There are better ways to manage this money.

When bank and building society accounts lay dormant for over 15 years and the account owner is unreachable, the money can be distributed to good causes under the Dormant Asset Scheme. Before the money is transferred to the Scheme, banks will make considerable efforts to reconnect customers with this money. The transferred money will then be managed by an independent reclaim fund, and can be reclaimed fully and perpetually by their owners through the bank which originally hosted their money. Surplus funds will be used to support good causes. The Scheme is completely voluntary and 31 banks and building societies are currently participating. Since the Scheme’s introduction in 2008, £745 million of the fund has been used to support housing for vulnerable people, financial inclusion and 2000 good causes in the country. £100 million has also been successfully repaid to their owners.

The Government is now considering expanding the Scheme to cover other financial services, this includes insurance and pensions. The ABI has been working closely with the Government and key stakeholders, including the Insurance and Pensions industry champion Kirsty Cooper to make this opportunity possible. Last year, the industry champions published a blueprint report outlining how the Scheme can expand in a phased approach, which included the recommended product scope, dormancy definitions and key principles. These together will ensure that the only assets that can be transferred are truly dormant, very unlikely to be reclaimed, already held in cash and do not have an impact on other policyholders.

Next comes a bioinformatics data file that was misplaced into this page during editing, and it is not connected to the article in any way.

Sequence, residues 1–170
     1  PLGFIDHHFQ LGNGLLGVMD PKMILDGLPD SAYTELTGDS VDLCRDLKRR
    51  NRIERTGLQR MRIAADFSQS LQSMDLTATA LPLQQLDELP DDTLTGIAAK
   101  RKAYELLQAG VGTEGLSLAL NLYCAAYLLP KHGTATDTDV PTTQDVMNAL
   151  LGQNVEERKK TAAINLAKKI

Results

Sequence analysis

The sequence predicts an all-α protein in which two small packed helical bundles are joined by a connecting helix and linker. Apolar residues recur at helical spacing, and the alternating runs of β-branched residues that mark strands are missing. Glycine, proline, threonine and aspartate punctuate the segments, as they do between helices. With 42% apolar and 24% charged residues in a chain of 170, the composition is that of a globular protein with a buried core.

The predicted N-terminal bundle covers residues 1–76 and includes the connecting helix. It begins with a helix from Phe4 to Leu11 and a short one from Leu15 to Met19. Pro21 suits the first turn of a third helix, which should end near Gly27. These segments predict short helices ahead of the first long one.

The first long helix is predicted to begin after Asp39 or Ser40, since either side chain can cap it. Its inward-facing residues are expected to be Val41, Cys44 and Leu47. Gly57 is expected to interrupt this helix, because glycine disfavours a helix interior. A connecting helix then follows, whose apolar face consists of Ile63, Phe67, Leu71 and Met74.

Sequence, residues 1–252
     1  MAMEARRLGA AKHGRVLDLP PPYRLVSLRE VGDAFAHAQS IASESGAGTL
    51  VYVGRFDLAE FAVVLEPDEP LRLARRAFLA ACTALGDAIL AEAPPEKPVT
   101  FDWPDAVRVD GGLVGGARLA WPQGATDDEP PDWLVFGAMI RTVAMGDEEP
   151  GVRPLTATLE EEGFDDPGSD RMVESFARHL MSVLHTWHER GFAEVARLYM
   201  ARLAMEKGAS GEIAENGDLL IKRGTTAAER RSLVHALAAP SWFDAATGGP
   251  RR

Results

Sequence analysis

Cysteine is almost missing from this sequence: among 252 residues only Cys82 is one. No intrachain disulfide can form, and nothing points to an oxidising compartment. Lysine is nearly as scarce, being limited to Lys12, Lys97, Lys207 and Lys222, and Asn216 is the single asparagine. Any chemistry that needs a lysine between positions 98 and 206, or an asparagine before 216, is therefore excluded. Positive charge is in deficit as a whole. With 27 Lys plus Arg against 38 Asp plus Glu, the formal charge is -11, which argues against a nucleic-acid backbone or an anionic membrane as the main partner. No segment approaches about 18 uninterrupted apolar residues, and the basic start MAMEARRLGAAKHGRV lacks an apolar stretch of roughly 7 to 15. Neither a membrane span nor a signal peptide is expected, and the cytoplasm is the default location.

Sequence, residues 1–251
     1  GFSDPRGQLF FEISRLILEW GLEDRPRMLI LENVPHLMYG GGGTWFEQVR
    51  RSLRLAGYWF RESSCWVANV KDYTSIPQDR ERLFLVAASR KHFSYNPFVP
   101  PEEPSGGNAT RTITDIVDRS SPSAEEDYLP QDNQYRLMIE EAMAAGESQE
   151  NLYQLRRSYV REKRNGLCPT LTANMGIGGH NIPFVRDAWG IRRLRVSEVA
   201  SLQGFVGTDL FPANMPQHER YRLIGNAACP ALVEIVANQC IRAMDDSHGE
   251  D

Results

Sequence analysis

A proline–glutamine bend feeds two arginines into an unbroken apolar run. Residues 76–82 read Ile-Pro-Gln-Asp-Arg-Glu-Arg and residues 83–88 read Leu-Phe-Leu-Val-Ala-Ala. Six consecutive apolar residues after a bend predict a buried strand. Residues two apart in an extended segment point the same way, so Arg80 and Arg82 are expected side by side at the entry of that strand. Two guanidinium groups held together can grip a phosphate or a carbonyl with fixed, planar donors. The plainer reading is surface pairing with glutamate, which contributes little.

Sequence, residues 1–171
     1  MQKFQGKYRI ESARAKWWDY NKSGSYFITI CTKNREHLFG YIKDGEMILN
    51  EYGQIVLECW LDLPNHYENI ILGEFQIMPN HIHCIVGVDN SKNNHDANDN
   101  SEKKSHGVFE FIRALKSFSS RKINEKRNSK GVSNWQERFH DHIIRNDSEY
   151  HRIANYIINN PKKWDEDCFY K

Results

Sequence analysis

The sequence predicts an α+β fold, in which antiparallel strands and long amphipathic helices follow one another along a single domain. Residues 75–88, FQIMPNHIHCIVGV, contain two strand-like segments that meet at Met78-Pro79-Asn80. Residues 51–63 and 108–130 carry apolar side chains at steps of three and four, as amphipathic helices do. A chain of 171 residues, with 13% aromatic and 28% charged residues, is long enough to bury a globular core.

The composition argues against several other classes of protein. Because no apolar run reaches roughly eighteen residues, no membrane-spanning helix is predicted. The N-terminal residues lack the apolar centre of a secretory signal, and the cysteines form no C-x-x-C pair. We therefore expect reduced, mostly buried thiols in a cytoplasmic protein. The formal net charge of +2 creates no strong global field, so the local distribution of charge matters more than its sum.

As we progress to the legislation stage, two priorities will need extra care. The first is repatriation. In our recent response to the Government’s consultation on expanding the Scheme, we outlined that industry and Government could work more closely together on the Scheme’s priority of repatriation. Rather than waiting for customers to reach out to providers, verifying customers’ new addresses against reliable data sources, such as those of the Government, can support industry’s reconnection efforts and directly benefit consumers. No personal data will have to be transferred as it would only be a ‘yes/no’ enquiry service. The Government’s Digital ID programme might soon allow auto-verification to become a reality, and this could be the game-changer the industry needs. We look forward to learning from the Government’s current pilot and are keen to be part of it in the future.